People who are grossly overweight, who smoke heavily or drink excessively could be denied surgery or drugs.The National Institute for Health and Clinical Excellence (NICE), which advises on the clinical and cost effectiveness of treatments for the National Health Service (NHS) in the UK, said that in some cases the’self-inflicted’ nature of an illness should be taken into account.
NICE stressed that people should not be discriminated against by doctors simply because they smoked or were overweight. Its ruling should apply only if the treatment was likely to be less effective, or not work because of an unhealthy habit The agency also insisted that its decision was not an edict for the whole NHS but guidance for its own appraisal committees when reaching judgements on new drugs or procedures. But the effect is likely to be the same.
NICE is a powerful body and the cause of much controversy. It is seen by some as a new way of rationing NHS treatment Across the UK, primary care trusts (PCTs) regularly wait for many months for a NICE decision before agreeing to fund a new treatment. One group of primary care trusts is ahead of NICE. Three PCTs in east Suffolk have already decided that obese people would not be entitled to have hip or knee replacements unless they lost weight The group said the risks of operating on them were greater, the surgery may be less successful and the joints would wear out sooner. It was acknowledged that the decision would also save money.
NICE said no priority should be given to patients based on income, social class or social roles at different ages when considering the cost effectiveness of a treatment. Patients should not be discriminated against on the grounds of age either, unless age has a direct relevance to the condition. NICE has already ruled that IVF should be available on the NHS to women aged 23 to 39 as the treatment has less chance of success in older women. It also recommends that flu drugs should be available to over-65s, as older people are more vulnerable.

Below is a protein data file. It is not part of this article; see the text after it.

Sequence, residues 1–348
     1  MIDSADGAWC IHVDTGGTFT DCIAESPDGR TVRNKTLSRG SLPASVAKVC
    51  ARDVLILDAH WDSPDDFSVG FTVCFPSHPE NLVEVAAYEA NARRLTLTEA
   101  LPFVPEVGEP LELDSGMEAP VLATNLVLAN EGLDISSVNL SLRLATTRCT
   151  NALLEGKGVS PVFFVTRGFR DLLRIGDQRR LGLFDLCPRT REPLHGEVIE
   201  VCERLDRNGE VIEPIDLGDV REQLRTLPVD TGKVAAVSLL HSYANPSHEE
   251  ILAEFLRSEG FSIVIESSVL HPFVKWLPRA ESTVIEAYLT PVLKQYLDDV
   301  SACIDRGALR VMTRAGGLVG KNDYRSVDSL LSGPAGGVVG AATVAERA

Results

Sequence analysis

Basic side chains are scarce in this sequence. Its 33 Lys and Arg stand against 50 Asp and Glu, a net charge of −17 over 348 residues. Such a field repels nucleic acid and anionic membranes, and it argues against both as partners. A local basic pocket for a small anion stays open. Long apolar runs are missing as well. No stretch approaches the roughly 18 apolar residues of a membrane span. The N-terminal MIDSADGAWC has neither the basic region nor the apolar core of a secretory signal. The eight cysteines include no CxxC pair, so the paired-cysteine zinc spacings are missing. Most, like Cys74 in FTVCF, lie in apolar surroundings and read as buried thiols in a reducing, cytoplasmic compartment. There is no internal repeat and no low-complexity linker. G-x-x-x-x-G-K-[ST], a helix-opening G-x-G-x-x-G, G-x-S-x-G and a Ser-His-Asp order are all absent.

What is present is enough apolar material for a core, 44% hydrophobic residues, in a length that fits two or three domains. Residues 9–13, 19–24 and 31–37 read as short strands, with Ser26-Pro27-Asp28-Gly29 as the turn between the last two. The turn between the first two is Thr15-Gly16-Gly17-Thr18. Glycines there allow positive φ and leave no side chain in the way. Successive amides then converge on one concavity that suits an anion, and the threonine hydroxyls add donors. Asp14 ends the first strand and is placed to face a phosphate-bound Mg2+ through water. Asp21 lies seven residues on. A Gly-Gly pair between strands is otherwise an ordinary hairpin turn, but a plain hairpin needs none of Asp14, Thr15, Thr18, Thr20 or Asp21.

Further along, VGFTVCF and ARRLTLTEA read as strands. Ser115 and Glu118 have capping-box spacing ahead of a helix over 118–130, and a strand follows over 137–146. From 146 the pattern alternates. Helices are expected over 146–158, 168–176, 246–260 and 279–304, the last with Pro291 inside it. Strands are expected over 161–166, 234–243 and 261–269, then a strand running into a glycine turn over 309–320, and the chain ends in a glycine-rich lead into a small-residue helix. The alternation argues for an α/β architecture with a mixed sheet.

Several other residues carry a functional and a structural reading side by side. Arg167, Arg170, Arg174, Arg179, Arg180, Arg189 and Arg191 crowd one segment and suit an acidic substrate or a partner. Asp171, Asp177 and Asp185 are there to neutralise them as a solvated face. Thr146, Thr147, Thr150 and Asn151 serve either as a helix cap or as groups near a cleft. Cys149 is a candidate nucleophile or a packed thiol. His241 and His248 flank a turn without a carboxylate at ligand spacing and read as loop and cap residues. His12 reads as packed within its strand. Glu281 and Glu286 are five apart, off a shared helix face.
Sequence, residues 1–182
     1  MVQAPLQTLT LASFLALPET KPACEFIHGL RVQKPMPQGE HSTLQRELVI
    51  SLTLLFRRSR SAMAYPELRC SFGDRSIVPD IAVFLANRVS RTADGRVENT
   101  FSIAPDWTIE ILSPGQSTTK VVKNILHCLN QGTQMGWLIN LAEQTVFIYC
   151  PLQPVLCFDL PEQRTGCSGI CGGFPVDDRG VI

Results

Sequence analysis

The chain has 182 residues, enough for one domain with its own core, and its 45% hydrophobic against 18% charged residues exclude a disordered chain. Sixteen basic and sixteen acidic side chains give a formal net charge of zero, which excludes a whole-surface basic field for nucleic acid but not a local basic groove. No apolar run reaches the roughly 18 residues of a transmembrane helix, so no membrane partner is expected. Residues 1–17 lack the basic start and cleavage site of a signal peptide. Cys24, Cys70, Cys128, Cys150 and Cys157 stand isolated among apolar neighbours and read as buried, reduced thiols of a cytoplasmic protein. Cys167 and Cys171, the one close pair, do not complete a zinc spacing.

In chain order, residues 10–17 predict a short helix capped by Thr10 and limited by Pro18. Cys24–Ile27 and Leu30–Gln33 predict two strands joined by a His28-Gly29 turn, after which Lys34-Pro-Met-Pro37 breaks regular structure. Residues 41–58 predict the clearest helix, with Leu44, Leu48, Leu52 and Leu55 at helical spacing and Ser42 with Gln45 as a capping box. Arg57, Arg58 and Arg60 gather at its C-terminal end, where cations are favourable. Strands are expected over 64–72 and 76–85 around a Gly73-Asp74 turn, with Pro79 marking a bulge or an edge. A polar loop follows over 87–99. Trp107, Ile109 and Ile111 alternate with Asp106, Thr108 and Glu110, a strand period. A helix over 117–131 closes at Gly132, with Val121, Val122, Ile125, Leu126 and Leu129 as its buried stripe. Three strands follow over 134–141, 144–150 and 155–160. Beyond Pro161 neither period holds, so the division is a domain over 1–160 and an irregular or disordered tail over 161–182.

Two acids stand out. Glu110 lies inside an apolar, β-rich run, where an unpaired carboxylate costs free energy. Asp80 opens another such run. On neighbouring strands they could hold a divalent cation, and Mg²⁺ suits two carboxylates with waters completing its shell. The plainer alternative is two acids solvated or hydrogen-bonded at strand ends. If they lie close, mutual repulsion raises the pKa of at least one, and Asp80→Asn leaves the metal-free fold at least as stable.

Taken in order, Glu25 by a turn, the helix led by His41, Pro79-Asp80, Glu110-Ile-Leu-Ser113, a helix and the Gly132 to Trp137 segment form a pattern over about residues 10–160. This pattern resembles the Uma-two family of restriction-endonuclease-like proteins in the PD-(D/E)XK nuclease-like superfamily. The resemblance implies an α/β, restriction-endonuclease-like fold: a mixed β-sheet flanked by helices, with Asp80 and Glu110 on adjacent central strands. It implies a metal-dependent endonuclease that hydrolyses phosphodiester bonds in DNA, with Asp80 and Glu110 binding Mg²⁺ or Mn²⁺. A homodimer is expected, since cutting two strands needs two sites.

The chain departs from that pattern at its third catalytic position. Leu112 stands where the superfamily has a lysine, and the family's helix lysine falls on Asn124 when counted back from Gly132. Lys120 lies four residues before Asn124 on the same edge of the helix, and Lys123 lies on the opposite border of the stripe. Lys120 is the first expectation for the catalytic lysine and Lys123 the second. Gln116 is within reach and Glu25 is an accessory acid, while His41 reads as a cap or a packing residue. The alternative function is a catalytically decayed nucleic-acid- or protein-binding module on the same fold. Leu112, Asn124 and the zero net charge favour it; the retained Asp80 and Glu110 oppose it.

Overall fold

But NICE also said that if self-inflicted factors meant that drugs or treatment would be less clinically and cost effective, this may need to be considered when producing advice for the NHS. They state that If the self-inflicted cause of the condition will influence the likely outcome of a particular treatment, then it may be appropriate to take this into account in some circumstances.’They acknowledge that it can be difficult to decide whether an illness such as a heart attack was self-inflicted in a smoker. ‘A patient’s individual circumstances may only be taken into account when there will be an impact on the clinical and cost effectiveness of the treatment’
Prof Sir Michael Rawlins, the chairman of NICE, said: ‘On age we are very clear – our advisory groups should not make recommendations that depend on people’s ages when they are considering the use of a particular treatment unless there is clear evidence of a difference in its effectiveness for particular age groups. Even then, age should only be mentioned when it provides the only practical ‘marker1 of risk or benefit NICE values people, equally, at all ages.’
But Steve Webb, the Liberal Democrat health spokesman, said there was a danger of primary care trusts following the same course of action. There is no excuse for cash-strapped hospitals denying treatment to people whose lifestyle they disapprove of/ he said. Treatment decisions involving people’s lifestyle should be based on clinical reasons, not grounds of cost The NHS is there to keep people healthy, not to sit in judgement on individual lifestyles.’
A spokesman for NICE said: ‘We want to reassure people that in producing our guidance we are not going to take into consideration whether or not a particular condition was or is self-inflicted. The only circumstances where that may be taken into account is where that treatment may be less effective because of lifestyle choices.’
Jonathan Ellis, the policy manager at Help the Aged, said it was pleased NICE had finally shown an understanding of the importance of tackling age discrimination.’While this is a major feat, there is still some way to go to banish the evident inherent age discrimination that exists within health care services,’he said.The NHS now has much to leam. It will ensure a fairer deal all round for older people using the NHS.’